Saturday, July 26, 2008

The Summer's Grand Finale

I must say...this summer ended with a bang. And quite the bang it was, as you shall soon see.
I will first rewind to catch you up where I last left off in my blog. Following my brother's visitation, I worked through another typical work week which was longer than normal and I was soon very burned out.  My thoughts slowly turned from "wow, this is an awesome job" to "ok, this is a pretty nice job" to "sheesh, I'm ready to go home."  The latter is how I felt that work week.  And then my parents visited, bless their hearts.  I had been waiting for this for some time, for as any child of loving parents knows, having your parents around means getting food stuffed down your throat and other random comforts and pleasures.  It is strange how very much like the juvenile owls I become when my parents come around....expecting to get fed and taken care of all the time.  It was as I had imagined and hoped.  I enjoyed several fine restaurant meals (Zion Lodge breakfast buffet is excellent, Oscar's Cafe is great as well), slept in a very fine hotel room, and was treated to the finest parental care one could ask for (which included a loaf of chocolate banana bread).  Oh, and of course, I must mention the amazing brownies baked for me by the Youderians!  Thanks!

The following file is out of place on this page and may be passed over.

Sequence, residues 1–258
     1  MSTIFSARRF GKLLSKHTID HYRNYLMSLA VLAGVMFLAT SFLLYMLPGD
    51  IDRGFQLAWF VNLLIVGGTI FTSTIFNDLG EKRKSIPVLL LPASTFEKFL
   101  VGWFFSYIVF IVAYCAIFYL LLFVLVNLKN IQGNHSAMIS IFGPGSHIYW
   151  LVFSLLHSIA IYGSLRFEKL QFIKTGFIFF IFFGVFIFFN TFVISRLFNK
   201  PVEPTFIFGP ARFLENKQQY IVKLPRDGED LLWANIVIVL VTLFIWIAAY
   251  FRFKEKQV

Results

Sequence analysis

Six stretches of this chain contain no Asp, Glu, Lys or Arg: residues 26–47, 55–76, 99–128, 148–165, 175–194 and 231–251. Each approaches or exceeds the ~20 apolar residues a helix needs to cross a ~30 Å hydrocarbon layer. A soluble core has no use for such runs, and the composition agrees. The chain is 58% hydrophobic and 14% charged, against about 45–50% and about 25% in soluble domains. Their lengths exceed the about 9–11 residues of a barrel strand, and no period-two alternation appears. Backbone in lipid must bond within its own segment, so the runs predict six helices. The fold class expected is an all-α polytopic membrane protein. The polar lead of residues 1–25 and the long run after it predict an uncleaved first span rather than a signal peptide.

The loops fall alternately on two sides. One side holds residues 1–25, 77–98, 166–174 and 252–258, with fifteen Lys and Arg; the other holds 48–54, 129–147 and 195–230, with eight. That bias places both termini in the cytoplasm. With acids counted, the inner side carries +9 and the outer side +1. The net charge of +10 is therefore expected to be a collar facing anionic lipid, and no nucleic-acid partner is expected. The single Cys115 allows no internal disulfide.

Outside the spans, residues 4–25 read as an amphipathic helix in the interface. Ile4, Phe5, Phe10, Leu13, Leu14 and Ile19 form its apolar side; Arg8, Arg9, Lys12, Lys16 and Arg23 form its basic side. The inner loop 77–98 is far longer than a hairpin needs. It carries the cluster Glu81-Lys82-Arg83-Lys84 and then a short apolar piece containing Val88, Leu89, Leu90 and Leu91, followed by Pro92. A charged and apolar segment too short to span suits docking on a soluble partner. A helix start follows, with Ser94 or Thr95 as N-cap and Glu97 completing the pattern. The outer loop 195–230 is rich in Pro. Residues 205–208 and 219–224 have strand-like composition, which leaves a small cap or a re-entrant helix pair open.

Steph took advantage of this as well, and joined us on most of our excursions.  We were not lazy though, for if you know my mother, you know that if there is a place to hike, she is hiking.  We hiked the Watchman Trail, Refrigerator Canyon, Hidden Canyon, Twin Canyon, and half of the main Zion canyon along the road at night.  In payment for such tremendous parental care, I hooted some spotted owls for them.  My pa got to see one fairly up close, which was a real treat for him.  I also showed them the California Condors which have been taking up residence up the Kolob Terrace Road for the past several years.  My parents were delighted to be in Zion, and, as I found out after they left, I felt completely refreshed and ready to tackle another work week.